Releasing ourselves

By Jack Wolf

These days I hear the world tribal bandied about quite a lot in the Pagan community. I especially hear this term used more and more in the heathen community. From the context in which I have heard the world tribal the most I am given to wonder whether most people actually know the true meaning of the world.

A man who graciously took the time to instruct me once, told me that in order for a person to find their way back to the tribal fires, one first needed to:

Fervently desire a return to tribe

To educate oneself – and be educated by others if possible – about the meaning of tribe.

The learn to think like a tribal person.

To dream like a tribal person.

And to live like a tribal person.

“If you want to take the journey to the tribal fires you need to go all the way. There should be no stopping part way along because if you do that you will become a pathetic and deluded creature. Returning to the old circles of the ancestors requires full dedication, not witless musing.”

– Jeremy Black

To ‘be’ tribal one must think as a tribalist. One must strive to BE a tribalist in every way; on every level. This is certainly not easy in today’s age, as most of us were not raised in a tribal way and have had to fight our way ‘back’ as it were. I have noticed along my journey that most pagan people stop only a portion of the way towards becoming truly tribal. many simply gloss over the abrahamic indoctrination of their youth (or the indoctrination of the modern media) and for some perverse reason seem to want to call this spiritual and mental half-measure a tribal way.

Such a thing is not tribalism. It is not even really Paganism but rather some soul-less hybrid that is very often good for nothing except creating yet another ignorant consumer of overpriced books and trinkets. People who subscribe to this half-measure Paganism are also more likely that others to get caught up in various new age cults or even – in the case of Heathenry or Theodism – may even find themselves witnessing (or complicit to) various ego wars, abuse cycles or even crimes.

Tribes are about gatherings of people who are either related by blood or oath who have dedicated themselves to the old ways. Tribes are about these true relations who are bonded together through experiences and respect and who forge together a lasting circle of honor and yeah, love.

In my opinion and experience, to be tribal takes a lot of work. It takes a metric tonne of letting go; of purging the lion’s share of the materialist and power-driven ego, not to mention a lot of ‘stuff’ (possessions) in physical form. Becoming tribal means seeking out, through ordeal, ritual and will, the old connections not only with the Earth, the ancestors and the spirit people, but also with those other rare human beings with whom you may be fortunate enough to share the tribalist dream. In order for the tribalist to be born, the decadent, possession loving, ego driven, selfish modern day individual must die. From his or her ashes the true self might rise again, no longer imprisoned by a lie, and able to finally walk free.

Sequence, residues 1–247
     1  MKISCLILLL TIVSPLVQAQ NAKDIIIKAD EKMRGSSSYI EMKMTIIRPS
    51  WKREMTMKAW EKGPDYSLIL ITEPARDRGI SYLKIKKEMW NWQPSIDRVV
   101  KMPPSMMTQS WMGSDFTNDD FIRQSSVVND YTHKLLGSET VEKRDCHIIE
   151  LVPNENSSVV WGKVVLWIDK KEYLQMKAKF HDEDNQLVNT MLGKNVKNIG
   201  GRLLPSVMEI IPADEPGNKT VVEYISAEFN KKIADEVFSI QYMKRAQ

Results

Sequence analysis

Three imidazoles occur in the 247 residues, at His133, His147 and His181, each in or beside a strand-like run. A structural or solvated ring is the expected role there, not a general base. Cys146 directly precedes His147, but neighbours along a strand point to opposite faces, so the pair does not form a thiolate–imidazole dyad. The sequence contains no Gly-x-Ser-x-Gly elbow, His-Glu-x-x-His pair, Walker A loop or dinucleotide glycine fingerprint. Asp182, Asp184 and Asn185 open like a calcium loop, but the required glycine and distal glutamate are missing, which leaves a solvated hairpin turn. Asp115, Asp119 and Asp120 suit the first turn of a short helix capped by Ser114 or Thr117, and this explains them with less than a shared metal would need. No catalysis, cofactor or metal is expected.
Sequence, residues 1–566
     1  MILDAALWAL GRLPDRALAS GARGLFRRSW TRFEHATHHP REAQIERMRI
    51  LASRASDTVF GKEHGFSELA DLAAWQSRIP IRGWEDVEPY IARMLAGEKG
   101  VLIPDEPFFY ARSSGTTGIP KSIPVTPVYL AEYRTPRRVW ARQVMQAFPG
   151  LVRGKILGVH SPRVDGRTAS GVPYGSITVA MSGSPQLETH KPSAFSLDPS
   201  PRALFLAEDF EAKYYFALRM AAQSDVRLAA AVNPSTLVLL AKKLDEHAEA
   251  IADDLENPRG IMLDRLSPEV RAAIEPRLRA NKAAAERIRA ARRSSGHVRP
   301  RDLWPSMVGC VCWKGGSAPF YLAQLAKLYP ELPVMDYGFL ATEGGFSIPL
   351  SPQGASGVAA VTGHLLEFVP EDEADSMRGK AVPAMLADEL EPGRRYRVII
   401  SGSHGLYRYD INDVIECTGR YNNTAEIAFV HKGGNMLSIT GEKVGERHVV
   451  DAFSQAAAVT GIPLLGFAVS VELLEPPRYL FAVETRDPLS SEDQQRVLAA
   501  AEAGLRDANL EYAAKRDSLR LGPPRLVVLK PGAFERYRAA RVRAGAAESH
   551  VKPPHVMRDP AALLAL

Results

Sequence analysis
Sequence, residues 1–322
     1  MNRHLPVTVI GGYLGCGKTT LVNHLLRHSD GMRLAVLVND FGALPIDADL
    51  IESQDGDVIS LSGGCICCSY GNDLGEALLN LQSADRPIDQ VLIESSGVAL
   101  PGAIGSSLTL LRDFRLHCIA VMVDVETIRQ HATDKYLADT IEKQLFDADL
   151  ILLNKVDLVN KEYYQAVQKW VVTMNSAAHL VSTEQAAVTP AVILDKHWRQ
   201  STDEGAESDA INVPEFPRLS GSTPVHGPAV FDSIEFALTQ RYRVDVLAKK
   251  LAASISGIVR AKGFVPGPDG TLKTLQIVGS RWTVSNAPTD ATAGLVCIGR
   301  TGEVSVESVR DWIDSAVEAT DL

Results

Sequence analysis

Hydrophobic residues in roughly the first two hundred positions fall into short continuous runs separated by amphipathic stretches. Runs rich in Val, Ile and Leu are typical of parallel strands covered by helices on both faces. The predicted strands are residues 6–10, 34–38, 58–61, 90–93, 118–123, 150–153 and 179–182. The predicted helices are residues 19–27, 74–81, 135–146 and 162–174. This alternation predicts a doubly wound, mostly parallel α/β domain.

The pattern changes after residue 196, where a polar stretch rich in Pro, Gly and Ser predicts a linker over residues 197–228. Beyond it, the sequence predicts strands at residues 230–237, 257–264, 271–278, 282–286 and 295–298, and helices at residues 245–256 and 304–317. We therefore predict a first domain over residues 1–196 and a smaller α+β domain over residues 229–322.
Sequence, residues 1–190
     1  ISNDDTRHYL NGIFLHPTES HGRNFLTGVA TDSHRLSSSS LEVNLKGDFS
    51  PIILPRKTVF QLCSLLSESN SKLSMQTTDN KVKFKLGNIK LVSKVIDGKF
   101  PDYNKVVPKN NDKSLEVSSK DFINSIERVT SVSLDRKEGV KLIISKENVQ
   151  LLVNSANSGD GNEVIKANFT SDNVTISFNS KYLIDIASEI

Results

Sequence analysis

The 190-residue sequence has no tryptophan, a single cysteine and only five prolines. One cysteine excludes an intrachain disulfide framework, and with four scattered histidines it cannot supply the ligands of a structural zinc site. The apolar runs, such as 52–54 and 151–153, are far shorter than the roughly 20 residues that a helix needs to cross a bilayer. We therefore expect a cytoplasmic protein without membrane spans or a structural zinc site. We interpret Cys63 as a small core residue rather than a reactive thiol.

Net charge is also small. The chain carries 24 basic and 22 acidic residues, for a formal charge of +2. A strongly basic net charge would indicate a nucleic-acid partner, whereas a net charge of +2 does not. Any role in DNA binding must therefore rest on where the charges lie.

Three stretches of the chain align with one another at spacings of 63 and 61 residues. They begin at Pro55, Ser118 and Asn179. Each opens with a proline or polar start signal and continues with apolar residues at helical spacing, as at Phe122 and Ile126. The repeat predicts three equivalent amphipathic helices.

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About Jack Wolf

Canadian author Jack Wolf has been a practicing Pagan for over 30 years, walking a path that encompasses both his Northern European and Native American heritage. He counts the late Heathen Goði and writer E. Max Hyatt, Professor Mark Mirabello, Dakota tribal Chief William Hoff and American author Allan Cole among his mentors. An avid outdoorsman, Jack has spent a considerable portion of his life exploring the deep wilds of British Columbia, a vast province on Canada’s west coast. He brings a great deal of his wilderness experience to his spiritual path. Over the past 15 years Jack has studied and written about a number of northern pagan traditions, having published for the most part independently or in small journals, blogs or websites. His recent works for Mandrake of Oxford Have certainly opened up his writing to a larger audience. Jack is also the author of several other books, including Circle of Bones (2012), The Way of the Odin Brotherhood (2013), Blood and Stone (2014) co-author of Tales from the Red Moon Lodge (2014) and co-editor of A Voice from the Thornwood (winter 2014). Forthcoming works include The Thornish Path, Ullr’s Road and The Urban Tribalist, all of which are planned for a mid-2015 and early 2016 release respectively. Spiritually, Jack identifies himself generally as a Deep Tribalist and more specifically as Thornish. He is a member of a primal pagan tradition whose spiritual path involves questing for the First Knowledge – that held by our most ancient ancestors whose hearts and spirits were deeply connected to the land. The Thornish path is the way of the warrior-steward; a Deep Tribal tradition which Jack has practiced since the late 1980’s Jack holds a degree in anthropology from the world renowned University of British Columbia and has long held an avid interest in history, tribal peoples, spirituality and the reawakening of pagan peoples worldwide. He currently resides with his wife and co-author Cassandra Wolf and their daughter, in Squamish, British Columbia.
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